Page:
The first few decades of the 20th century hadn’t been great for the UK, but then the UK experience of the Great Depression was fairly mild and by 1937/38 the economy was running above the pre-Depression trend (and remained so all the way through to 1950).

Rather than illustrates dozens of different countries, in this chart I’ve shown the situation for the US and for Maddison’s grouping of 12 larger Western European countries.

king us.png

You can see King’s point very starkly for the US, but for the Western Europe grouping it isn’t there at all – the picture is more like that for the UK (above).   (For what it is worth, New Zealand was also above the trend line by 1937/38 –  a overheating economy running towards a fresh crisis –  and Australia was a bit below its pre-Depression trend line.)

So the general story just doesn’t seem to stack up very well at all.  There were significant demand (and monetary issues) associated with the Great Depression, but mostly they were dealt with within a few years.  The US was the glaring outlier –  a country that then managed to have another pretty severe downturn in 1937/38 as a result of its own demand (mis)management choices.

As is now widely recognised, global productivity growth has slowed very substantially.  Here is one illustration, using the OECD’s multi-factor productivity data for 23 OECD countries (the “older” OECD countries –  none of the former eastern bloc OECD members are yet included).   I’ve calculated rolling 10 year average growth rates for each country and then taken the median of those growth rates.

king mfp

Being a median measure, you can tell that almost half these advanced countries had (typically slightly) negative annual average MFP growth over the last decade. In the decade to 2007 (say) only two did.

By contrast, here are leading economic historian Alexander Field’s estimates for multi/total factor productivity in the US in decades past.

The period when overall economic activity lagged behind trend so badly, which pretty much everyone agrees was largely down to demand shortfalls, was also the period of very strong underlying TFP growth.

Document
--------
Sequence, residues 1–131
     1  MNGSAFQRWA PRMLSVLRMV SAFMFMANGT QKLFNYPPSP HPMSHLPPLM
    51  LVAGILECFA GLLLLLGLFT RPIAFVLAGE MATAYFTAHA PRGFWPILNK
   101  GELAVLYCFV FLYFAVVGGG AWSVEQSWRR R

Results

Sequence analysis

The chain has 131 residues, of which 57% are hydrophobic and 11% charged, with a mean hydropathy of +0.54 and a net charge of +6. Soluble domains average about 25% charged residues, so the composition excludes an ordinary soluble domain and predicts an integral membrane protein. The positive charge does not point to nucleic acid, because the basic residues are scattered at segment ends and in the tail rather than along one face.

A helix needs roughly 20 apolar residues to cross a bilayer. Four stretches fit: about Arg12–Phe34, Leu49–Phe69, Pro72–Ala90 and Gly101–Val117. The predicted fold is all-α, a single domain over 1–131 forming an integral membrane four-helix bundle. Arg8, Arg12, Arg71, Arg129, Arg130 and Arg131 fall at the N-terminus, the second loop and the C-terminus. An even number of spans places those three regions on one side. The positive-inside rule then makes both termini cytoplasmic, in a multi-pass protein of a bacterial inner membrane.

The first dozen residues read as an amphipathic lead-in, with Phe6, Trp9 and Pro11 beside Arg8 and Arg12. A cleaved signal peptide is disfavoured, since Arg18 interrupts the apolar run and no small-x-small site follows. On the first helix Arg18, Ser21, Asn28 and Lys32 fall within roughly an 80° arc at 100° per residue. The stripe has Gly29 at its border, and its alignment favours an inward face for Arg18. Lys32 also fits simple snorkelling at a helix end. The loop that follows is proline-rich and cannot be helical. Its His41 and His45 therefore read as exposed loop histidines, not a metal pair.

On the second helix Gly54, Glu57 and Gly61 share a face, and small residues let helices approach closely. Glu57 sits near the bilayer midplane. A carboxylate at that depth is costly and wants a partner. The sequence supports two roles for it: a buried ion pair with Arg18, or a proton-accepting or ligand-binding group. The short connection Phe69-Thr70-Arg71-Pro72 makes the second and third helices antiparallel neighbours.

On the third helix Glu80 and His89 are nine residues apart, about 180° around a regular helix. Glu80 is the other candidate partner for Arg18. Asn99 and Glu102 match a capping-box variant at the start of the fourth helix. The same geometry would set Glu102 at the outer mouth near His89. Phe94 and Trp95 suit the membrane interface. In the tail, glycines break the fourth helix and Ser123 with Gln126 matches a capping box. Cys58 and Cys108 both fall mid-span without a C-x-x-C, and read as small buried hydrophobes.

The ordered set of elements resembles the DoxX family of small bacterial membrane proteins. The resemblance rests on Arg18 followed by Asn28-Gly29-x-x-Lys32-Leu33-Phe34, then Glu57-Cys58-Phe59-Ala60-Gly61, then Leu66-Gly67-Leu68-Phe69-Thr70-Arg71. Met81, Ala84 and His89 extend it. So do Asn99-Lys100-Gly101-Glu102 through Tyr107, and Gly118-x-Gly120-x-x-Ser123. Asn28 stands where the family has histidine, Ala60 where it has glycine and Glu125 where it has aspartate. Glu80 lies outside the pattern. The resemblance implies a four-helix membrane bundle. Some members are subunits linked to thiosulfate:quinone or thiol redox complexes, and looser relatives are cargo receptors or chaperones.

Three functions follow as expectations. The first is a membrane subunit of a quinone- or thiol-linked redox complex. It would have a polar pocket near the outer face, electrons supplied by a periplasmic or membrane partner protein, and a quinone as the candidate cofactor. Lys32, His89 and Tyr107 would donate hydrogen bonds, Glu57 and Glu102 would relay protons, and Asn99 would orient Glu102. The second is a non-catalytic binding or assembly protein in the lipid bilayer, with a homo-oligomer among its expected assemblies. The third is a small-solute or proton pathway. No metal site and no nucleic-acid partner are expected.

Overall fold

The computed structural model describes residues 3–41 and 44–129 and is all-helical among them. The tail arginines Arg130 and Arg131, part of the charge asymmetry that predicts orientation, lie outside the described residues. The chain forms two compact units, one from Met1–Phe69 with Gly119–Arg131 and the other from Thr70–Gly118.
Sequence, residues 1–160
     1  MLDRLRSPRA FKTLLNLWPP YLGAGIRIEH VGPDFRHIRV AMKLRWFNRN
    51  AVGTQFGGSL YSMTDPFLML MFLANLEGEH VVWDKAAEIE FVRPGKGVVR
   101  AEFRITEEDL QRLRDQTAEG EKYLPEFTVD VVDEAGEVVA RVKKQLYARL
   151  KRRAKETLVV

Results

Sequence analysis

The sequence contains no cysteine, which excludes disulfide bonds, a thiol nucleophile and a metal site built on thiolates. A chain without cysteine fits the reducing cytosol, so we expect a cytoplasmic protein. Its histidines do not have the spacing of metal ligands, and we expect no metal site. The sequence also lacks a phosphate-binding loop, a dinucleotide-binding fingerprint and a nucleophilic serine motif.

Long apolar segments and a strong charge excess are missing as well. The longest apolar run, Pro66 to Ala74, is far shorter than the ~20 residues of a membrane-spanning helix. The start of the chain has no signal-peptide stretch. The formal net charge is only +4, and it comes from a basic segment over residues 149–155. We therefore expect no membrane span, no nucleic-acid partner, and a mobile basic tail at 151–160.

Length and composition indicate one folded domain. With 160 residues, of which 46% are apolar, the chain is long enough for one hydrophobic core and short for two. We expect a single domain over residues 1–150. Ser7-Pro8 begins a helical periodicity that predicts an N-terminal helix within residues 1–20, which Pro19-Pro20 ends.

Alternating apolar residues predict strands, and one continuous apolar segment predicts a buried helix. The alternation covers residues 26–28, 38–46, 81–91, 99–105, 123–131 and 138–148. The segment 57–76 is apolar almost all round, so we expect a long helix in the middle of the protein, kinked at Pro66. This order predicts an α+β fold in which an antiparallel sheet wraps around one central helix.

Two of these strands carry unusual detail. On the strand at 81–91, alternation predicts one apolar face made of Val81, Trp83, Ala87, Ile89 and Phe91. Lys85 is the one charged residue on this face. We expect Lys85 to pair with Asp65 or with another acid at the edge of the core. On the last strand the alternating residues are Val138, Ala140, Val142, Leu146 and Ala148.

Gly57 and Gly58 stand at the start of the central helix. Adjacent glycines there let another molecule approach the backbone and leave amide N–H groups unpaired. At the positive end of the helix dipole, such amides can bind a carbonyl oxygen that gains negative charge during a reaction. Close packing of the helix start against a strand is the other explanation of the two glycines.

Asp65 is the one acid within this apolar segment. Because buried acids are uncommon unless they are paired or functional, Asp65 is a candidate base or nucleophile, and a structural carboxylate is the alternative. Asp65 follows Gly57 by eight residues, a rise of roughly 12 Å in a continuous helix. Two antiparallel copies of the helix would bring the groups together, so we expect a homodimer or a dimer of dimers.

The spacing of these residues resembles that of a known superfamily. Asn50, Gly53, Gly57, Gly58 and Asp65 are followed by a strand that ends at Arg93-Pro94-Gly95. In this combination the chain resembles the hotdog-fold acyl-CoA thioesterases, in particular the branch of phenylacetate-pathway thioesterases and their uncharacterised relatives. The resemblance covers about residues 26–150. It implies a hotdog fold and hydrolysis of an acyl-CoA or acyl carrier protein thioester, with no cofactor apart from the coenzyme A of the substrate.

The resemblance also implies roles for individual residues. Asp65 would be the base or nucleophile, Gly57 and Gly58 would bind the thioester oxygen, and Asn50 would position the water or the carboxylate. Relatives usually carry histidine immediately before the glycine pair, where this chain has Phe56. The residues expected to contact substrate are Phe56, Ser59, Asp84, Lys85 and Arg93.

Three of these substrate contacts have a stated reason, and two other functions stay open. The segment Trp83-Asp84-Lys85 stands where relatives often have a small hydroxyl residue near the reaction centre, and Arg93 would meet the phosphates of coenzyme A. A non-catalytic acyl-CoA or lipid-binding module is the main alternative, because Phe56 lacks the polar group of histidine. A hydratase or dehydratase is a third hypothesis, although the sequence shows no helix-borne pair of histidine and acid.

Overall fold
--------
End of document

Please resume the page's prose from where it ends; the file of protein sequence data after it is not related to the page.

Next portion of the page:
In a similar vein, here is table from a 2013 CBO report on TFP growth in historical perspective (which also draws on Field).

king us 2

Historical estimates get reworked, and I’ve seen some revisions to some of these numbers. But they don’t change the story of strong underlying TFP growth in the 1930s –  all it took was enough demand to translate those new possibilities into higher per capita GDP (back to the longer-term trend line in the charts above).

What about other countries?  Here is chart from a speech given a couple of years back by the Bank of England’s chief economist

king UK mfp.png

It is harder to read, but there is no sign of any slump in TFP growth in the 1930s there either (then again, as illustrated above, demand didn’t look to lag badly for long at all in the UK).

There is a story, that King also tried to tell, that somehow the incipient productivity gains now simply can’t be realised –  let alone translated into higher GDP per capita –  because the demand isn’t there and because of heightened policy and trade uncertainty.  But that doesn’t ring true either.  After all, equity markets have been strong, real borrowing costs have been low (unlike the 1930s), and –  if anything –  the IMF is worrying about corporate sector overborrowing and vulnerabilities associated with it.  That borrowing might not have been funding much new investment, but business credit conditions haven’t exactly been very tight for years now.